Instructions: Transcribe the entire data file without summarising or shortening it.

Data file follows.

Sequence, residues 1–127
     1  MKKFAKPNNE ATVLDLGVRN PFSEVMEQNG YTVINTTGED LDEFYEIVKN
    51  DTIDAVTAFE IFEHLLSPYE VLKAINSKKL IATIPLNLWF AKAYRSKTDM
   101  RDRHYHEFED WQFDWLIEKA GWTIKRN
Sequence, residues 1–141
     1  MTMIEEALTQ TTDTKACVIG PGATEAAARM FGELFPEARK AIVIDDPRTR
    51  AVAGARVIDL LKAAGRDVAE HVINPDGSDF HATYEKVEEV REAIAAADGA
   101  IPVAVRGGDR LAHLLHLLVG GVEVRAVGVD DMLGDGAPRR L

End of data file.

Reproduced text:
Sequence, residues 1–127
     1  MKKFAKPNNE ATVLDLGVRN PFSEVMEQNG YTVINTTGED LDEFYEIVKN
    51  DTIDAVTAFE IFEHLLSPYE VLKAINSKKL IATIPLNLWF AKAYRSKTDM
   101  RDRHYHEFED WQFDWLIEKA GWTIKRN
Sequence, residues 1–141
     1  MTMIEEALTQ TTDTKACVIG PGATEAAARM FGELFPEARK AIVIDDPRTR
    51  AVAGARVIDL LKAAGRDVAE HVINPDGSDF HATYEKVEEV REAIAAADGA
   101  IPVAVRGGDR LAHLLHLLVG GVEVRAVGVD DMLGDGAPRR L